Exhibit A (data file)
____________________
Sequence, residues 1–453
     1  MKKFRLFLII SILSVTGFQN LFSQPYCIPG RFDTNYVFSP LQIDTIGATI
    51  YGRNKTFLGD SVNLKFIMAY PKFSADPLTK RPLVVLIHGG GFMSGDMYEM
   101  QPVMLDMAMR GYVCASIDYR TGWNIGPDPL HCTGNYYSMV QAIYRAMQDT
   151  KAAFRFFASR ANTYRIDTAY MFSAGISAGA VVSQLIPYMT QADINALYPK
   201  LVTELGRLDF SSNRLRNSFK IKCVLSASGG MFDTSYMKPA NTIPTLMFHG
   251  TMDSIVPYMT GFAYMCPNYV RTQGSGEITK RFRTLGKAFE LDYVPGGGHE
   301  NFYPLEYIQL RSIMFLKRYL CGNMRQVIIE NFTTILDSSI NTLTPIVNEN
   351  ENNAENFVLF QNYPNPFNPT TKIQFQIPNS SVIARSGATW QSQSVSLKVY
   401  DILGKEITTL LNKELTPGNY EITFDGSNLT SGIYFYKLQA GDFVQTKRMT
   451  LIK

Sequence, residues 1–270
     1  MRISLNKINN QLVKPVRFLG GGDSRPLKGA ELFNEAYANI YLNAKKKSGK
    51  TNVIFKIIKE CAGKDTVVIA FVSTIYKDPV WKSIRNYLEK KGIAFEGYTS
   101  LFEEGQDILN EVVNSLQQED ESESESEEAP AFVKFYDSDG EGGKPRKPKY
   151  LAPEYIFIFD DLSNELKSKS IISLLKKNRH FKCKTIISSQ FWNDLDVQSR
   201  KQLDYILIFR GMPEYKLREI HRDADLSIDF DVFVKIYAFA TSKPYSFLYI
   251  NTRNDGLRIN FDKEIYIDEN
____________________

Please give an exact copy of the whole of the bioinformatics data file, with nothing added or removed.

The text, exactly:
Sequence, residues 1–453
     1  MKKFRLFLII SILSVTGFQN LFSQPYCIPG RFDTNYVFSP LQIDTIGATI
    51  YGRNKTFLGD SVNLKFIMAY PKFSADPLTK RPLVVLIHGG GFMSGDMYEM
   101  QPVMLDMAMR GYVCASIDYR TGWNIGPDPL HCTGNYYSMV QAIYRAMQDT
   151  KAAFRFFASR ANTYRIDTAY MFSAGISAGA VVSQLIPYMT QADINALYPK
   201  LVTELGRLDF SSNRLRNSFK IKCVLSASGG MFDTSYMKPA NTIPTLMFHG
   251  TMDSIVPYMT GFAYMCPNYV RTQGSGEITK RFRTLGKAFE LDYVPGGGHE
   301  NFYPLEYIQL RSIMFLKRYL CGNMRQVIIE NFTTILDSSI NTLTPIVNEN
   351  ENNAENFVLF QNYPNPFNPT TKIQFQIPNS SVIARSGATW QSQSVSLKVY
   401  DILGKEITTL LNKELTPGNY EITFDGSNLT SGIYFYKLQA GDFVQTKRMT
   451  LIK

Sequence, residues 1–270
     1  MRISLNKINN QLVKPVRFLG GGDSRPLKGA ELFNEAYANI YLNAKKKSGK
    51  TNVIFKIIKE CAGKDTVVIA FVSTIYKDPV WKSIRNYLEK KGIAFEGYTS
   101  LFEEGQDILN EVVNSLQQED ESESESEEAP AFVKFYDSDG EGGKPRKPKY
   151  LAPEYIFIFD DLSNELKSKS IISLLKKNRH FKCKTIISSQ FWNDLDVQSR
   201  KQLDYILIFR GMPEYKLREI HRDADLSIDF DVFVKIYAFA TSKPYSFLYI
   251  NTRNDGLRIN FDKEIYIDEN